Search results for: Hillel
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Hillel International recently announced an ambitious new project that seeks to strengthen the talent pipeline for Jewish organizations through new positions for recent college graduates on campuses across the country. The Springboard Fellowship will train cohorts of young Jewish professionals in highly-valued skillsets and place them at local Hillel campuses for two years. The Springboard Fellowship is a reimagining of the Steinhardt Jewish Campus Service Corps Fellowship, which Hillel ran from 1994 to 2008 and trained a generation of emerging Jewish communal leaders through their roles in Jewish student engagement. Seeking to build the next generation of Jewish professionals and equip them with broadly applicable skills, this new fellowship hopes to serve 500 fellows in its first five years. The Springboard Fellowship comes as part of Hillel International’s Drive to Excellence and its efforts to recruit and maintain top-level talent, essential to increasing Hillel’s levels of student engagement on college campuses
Updated: Feb. 06, 2017
Hillel International Launches Extensive Professional Development Program to Train Future Jewish Leaders
Hillel International today launches Hillel U – a cutting-edge professional continuing education program that will be among the most extensive in the Jewish communal world. Hillel U will enhance Hillel’s ability to retain top tier talent, and allow it to better serve students on hundreds of campuses across the country and around the world. The program, which is initially funded with $10 million in new investments, will launch at the Hillel International Global Assembly in Orlando next month. Thanks in part to a launch gift from The Leonard J. Kaplan Fund of the Jewish Foundation of Greensboro, Hillel U will build community and collaboration among the 1,000 professionals working for Hillel on campus and its Schusterman International Center through in-person and online courses, convenings and immersive experiences.
Updated: Nov. 23, 2016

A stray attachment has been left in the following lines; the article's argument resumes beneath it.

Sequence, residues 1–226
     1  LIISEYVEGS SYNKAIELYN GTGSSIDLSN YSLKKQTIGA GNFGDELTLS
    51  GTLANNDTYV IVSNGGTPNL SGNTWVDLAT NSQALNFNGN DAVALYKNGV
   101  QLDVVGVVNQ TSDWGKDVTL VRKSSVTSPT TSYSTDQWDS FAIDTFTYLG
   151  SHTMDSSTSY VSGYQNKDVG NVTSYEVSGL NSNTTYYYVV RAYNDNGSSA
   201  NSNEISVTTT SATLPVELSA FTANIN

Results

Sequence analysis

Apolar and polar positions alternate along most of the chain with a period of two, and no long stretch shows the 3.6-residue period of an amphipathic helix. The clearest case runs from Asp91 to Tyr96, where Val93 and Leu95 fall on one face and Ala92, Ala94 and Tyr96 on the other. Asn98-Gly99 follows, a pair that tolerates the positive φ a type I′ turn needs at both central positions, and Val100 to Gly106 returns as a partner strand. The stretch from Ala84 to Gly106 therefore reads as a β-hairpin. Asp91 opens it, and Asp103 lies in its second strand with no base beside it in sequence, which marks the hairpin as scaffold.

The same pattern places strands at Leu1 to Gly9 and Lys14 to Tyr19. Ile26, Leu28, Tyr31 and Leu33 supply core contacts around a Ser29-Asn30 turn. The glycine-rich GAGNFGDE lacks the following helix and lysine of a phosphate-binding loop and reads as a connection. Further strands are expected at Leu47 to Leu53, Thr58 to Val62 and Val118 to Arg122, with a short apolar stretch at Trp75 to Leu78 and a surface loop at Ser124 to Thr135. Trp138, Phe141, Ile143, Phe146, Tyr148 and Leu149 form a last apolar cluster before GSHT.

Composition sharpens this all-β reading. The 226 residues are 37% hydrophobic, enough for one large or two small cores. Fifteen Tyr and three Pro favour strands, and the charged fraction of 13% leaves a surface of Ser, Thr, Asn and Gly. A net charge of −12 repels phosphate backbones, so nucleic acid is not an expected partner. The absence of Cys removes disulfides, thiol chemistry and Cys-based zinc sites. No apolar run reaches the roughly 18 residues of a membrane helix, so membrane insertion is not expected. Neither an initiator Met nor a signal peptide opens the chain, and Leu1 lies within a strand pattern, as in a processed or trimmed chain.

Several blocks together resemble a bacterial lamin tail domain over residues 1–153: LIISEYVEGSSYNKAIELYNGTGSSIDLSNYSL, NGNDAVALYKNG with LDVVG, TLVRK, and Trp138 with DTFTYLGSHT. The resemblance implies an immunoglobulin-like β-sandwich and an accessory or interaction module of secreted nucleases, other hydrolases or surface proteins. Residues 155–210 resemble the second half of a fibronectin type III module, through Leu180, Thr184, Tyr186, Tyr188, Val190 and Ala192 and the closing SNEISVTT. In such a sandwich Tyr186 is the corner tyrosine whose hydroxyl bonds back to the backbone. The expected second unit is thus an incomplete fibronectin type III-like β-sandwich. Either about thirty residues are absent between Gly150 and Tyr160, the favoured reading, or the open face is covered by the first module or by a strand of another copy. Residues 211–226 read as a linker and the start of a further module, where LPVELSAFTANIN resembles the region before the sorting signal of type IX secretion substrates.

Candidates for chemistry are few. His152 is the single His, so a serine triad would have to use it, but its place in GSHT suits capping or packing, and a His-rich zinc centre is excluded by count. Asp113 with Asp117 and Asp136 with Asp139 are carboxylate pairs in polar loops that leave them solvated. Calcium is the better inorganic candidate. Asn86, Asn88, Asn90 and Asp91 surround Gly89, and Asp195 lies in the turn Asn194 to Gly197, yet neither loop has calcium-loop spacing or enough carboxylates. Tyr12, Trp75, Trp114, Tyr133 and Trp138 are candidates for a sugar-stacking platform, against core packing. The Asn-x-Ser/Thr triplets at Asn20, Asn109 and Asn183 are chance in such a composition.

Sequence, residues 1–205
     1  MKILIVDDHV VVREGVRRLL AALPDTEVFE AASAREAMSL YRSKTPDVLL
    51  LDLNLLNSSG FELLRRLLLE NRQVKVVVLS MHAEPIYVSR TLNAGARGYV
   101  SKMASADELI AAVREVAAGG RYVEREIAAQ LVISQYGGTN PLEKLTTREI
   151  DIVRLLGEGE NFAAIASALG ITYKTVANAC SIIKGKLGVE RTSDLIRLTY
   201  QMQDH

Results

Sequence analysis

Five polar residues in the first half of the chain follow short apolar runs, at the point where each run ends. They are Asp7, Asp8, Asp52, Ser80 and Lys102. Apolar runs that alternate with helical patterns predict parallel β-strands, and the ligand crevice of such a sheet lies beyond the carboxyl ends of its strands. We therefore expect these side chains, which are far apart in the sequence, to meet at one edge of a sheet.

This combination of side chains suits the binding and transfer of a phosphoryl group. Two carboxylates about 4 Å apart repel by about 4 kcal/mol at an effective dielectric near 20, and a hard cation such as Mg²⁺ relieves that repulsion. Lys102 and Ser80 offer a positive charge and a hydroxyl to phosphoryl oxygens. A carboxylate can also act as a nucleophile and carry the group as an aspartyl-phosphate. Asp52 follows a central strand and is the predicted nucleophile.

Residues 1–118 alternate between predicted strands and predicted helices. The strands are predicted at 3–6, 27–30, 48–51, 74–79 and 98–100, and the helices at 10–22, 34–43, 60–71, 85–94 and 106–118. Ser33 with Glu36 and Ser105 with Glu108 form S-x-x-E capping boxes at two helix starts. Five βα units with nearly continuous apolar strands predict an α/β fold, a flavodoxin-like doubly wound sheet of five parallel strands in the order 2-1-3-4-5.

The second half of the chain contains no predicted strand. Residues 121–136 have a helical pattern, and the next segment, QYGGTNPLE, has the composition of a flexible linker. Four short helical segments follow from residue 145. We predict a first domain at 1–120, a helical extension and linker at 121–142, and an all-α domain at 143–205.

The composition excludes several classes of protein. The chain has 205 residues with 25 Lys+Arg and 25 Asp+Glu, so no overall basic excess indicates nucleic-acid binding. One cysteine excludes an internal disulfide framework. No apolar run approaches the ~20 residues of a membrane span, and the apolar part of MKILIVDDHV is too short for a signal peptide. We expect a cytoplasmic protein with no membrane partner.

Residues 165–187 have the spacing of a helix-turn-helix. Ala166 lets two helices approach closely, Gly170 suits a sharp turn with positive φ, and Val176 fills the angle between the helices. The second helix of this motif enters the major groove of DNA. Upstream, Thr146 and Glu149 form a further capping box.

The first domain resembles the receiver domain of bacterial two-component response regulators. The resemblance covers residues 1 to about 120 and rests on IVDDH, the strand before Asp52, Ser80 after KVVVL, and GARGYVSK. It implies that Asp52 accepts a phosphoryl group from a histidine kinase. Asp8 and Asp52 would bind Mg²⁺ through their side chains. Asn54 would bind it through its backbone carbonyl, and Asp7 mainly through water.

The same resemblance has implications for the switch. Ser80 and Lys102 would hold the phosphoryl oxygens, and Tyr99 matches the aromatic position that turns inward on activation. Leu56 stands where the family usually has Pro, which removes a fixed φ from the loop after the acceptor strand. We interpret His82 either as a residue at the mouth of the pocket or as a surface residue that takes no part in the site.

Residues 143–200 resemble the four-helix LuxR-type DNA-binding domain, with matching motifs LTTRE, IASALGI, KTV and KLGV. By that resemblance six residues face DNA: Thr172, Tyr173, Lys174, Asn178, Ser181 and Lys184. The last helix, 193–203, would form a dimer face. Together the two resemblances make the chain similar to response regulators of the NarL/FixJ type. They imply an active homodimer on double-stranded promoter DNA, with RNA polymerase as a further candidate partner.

This study is an evaluation of the Israel Fellows Program, a program designed to promote engagement with Israel through the placement of young adult Fellows on college campuses. Piloted on six college campuses in 2003, IFP has grown to 75 Fellows serving almost 100 campuses throughout North America. Hillel and JAFI contracted with the Cohen Center for Modern Jewish Studies (CMJS) to evaluate the IFP.
Updated: Nov. 02, 2016
Laura Yares, Ph.D., the Director of Educational Research and Innovation at Hillel International, where she directs the Ezra Fellowship tells about the Ezra Fellowship and its effect on Hillel International: Beginning two years ago, Hillel began to pioneer a new model for its engagement professionals, one which thought about these young adults as more than Jewish concierges. Hillel’s Ezra Fellowship was founded to develop a cadre of engagement professionals who were not only engaging, but were also engaged with their own Judaism. The goal of the fellowship is to develop young Jewish professionals who can provide a role model of a young adult living an engaged Jewish life. Since its first cohort in 2014, the Ezra Fellows initiative has placed 35 fellows on campuses across North America. Named for the biblical scribe who bought the Torah outside, to the water pump in the middle of the market place, Ezra fellows are trained through an extensive fellowship learning program to play the role of a Jewish peer educator on campus.
Updated: Oct. 26, 2016
At Hillel International we have developed a “Jewish Fluency Assessment,” and we use it help us set a bar for the kind of knowledge and abilities we increasingly expect Hillel staff to have. The creation of this assessment was spurred by a new project supported by the Maimonides Fund, called the Ezra Fellowship. The assessment was developed by researching Jewish literacy tests and courses that are used at other institutions (the Jewish Agency For Israel’s test for shlichim, Bar Ilan University’s undergraduate requirements, synagogue Judaism 101 courses, etc.), and by having discussions and focus groups with Hillel professionals about the specific knowledge that is needed to respond to the issues that arise most often for Jewish students on college campuses.